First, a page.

Polish gas monopoly PGNiG continues to warn that Warsaw's plans to raise taxes on upstream production in the country threatens to disrupt the government's drive to boost domestic production and increase energy security.
An unnamed director from the state-controlled company - which has been charged by Warsaw with leading the push to develop Poland's sizable shale gas reserves to replace expensive Russian imports - told Dziennik Gazeta Prawna in comments published on December 7 that PGNiG will be forced to shut down some of its conventional gasfields should the planned tax regime remain in its current form, as they will become loss making.
Poland finally unveiled its plans for taxation of the oil and gas production sector in October, around 18 months after the first investors began test drilling for shale gas in the country. The finance ministry was clearly forced to scramble to put something in place however, and details still need ironing out on the announced headline figures which include a 5% royalty on gas extraction, 10% on oil, and 25% tax on operating profits.
Analysts welcomed the announcement at the time, saying that the total tax take, including Poland's 19% corporate tax, of 40% of gross profit is attractive, relative to other European states. Deputy Environment Minister Piotr Wozniak pledged in November that should any investor find itself paying more than 40%, the government will recalibrate their tax.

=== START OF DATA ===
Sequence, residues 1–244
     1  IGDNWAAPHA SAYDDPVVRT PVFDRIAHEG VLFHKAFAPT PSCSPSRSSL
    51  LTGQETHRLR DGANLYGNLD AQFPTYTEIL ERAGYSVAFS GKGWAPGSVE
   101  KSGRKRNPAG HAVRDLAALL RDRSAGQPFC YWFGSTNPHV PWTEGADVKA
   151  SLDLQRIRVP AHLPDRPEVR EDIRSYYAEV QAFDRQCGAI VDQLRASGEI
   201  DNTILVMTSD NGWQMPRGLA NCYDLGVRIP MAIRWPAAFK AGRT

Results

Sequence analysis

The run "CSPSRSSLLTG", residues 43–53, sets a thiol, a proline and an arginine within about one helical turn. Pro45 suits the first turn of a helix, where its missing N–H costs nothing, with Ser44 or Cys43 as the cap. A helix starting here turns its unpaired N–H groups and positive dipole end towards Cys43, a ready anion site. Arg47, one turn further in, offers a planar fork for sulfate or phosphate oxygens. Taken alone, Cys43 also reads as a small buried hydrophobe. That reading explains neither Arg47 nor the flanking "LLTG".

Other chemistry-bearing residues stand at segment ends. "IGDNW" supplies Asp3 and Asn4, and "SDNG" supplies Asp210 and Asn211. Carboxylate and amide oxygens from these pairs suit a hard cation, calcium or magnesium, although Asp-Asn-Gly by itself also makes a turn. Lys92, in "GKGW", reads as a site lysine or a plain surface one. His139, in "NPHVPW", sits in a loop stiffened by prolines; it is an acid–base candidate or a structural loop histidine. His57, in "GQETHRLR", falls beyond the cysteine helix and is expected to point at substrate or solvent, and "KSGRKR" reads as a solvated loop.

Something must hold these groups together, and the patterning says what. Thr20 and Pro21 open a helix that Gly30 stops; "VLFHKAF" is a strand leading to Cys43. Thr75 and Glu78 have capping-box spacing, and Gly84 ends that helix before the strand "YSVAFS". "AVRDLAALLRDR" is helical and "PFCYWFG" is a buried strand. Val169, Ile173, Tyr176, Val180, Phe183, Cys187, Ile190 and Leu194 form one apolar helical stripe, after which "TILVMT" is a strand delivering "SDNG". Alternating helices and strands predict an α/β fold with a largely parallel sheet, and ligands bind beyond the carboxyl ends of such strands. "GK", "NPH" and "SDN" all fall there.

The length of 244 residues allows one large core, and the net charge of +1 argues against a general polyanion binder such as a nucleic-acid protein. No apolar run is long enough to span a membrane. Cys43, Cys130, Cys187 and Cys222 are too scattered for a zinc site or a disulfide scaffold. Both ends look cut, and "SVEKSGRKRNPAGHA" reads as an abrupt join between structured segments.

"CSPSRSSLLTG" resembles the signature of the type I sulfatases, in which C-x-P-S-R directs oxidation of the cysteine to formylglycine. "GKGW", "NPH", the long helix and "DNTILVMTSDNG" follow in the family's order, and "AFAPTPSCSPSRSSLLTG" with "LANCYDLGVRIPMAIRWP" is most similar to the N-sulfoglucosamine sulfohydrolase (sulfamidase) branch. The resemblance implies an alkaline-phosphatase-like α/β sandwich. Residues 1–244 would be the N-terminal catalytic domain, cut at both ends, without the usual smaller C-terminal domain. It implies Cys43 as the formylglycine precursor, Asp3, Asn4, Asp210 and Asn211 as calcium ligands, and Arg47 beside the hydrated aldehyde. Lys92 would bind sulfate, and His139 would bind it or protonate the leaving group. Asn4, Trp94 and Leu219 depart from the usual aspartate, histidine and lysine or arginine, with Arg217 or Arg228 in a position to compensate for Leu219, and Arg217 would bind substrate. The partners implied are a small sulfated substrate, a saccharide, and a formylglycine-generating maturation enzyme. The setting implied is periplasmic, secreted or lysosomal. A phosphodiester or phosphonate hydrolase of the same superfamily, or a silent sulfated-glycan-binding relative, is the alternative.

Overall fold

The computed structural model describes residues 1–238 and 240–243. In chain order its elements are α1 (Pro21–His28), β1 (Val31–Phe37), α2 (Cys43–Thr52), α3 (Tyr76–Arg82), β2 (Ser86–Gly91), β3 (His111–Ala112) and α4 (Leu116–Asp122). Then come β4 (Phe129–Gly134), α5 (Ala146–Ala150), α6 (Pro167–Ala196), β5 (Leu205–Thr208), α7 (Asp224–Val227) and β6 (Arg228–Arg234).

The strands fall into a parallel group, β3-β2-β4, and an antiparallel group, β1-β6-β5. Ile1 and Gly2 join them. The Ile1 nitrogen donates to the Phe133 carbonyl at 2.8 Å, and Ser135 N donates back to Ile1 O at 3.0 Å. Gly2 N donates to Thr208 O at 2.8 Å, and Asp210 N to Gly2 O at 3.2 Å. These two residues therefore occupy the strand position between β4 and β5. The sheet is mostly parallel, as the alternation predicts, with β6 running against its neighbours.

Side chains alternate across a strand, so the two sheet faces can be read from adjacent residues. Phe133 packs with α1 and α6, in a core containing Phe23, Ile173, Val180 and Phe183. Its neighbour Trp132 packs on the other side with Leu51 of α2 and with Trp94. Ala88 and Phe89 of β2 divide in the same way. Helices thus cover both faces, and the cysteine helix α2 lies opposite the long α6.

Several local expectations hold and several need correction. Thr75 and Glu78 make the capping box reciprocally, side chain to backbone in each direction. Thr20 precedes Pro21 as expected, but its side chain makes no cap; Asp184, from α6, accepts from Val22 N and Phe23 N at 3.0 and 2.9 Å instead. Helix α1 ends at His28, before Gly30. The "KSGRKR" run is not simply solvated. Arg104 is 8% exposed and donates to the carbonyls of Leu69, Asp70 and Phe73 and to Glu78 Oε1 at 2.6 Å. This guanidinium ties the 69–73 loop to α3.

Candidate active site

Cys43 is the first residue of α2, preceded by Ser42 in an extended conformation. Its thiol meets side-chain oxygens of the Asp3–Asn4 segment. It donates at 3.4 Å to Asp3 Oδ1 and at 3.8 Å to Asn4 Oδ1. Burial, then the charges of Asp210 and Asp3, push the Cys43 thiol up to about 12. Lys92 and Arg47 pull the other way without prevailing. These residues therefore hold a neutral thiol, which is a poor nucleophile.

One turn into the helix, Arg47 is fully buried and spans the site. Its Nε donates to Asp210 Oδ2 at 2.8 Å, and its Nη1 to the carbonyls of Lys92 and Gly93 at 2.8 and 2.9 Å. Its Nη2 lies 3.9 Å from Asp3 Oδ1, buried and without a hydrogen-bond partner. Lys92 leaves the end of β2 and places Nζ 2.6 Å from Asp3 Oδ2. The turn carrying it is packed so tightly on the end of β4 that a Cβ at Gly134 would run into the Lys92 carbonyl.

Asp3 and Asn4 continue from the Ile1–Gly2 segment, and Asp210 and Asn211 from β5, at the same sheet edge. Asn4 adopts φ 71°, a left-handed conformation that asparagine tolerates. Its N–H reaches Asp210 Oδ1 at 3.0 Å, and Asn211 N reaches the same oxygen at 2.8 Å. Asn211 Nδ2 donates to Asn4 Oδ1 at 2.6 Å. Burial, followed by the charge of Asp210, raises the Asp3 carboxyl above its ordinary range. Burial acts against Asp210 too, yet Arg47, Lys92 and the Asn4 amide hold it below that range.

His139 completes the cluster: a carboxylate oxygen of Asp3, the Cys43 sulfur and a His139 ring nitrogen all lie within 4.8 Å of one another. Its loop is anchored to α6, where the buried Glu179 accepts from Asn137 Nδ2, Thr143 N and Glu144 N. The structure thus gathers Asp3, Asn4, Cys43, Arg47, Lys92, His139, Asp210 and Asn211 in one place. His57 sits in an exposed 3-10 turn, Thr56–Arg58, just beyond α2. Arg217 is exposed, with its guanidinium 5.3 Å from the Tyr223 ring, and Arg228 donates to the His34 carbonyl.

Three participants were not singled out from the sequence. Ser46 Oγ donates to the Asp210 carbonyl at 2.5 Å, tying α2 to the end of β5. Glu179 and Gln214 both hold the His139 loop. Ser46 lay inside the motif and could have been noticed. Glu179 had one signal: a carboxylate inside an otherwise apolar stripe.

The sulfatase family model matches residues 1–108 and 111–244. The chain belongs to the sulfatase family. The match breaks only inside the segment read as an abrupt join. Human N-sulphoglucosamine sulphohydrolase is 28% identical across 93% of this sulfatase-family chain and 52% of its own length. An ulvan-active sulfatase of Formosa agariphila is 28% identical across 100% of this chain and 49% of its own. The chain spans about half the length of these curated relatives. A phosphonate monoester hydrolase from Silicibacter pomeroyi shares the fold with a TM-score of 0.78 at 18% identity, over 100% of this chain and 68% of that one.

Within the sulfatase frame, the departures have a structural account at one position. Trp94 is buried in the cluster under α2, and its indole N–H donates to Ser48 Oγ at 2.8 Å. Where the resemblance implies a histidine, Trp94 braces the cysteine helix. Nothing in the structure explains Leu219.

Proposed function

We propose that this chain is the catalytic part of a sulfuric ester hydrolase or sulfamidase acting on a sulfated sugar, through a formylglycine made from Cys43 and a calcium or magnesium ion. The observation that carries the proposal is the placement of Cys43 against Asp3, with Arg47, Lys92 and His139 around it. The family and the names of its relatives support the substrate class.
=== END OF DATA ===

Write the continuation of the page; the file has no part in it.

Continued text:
However, PGNiG has objected strongly to the plan, claiming it threatens to disrupt the drive for greater energy independence. The company is also fighting the government over plans to liberalize the Polish gas market via the establishment of an exchange, and has been at loggerheads with the regulator for months over its refusal to raise tariffs significantly.
However, alongside its evident discomfort with the fundamental changes on the market, PGNiG is also clearly taking its leading role in the energy drive seriously. CEO Grazyna Piotrowska-Oliwa said last week that the company will use "every single zloty" in its investment drive.
That leaves it heavily exposed to any policy changes in Warsaw, leading Standard & Poor's to move its outlook to negative, and Moody's Investors Service to downgrade it a notch in November. The latter referred to changes in PGNiGs risk profile, "resulting from higher spending on upstream operations an unregulated segment which may be additionally subject to planned taxation of oil and gas in Poland."
While PGNiG said in late November that it plans to drill at least 10 new shale gas wells in 2013, the company is clearly pushing for breaks on its conventional fields from a government still scrabbling for every penny to helped fix the country's finances. While Warsaw hopes the new tax regime will help with that, as well as offering investors in shale gas the clarity they need to go forwards, PGNiG is doing all it can to point out that the levy will also apply to older deposits, which according to Dow Jones, it says are commonly dipping close to break even levels already.
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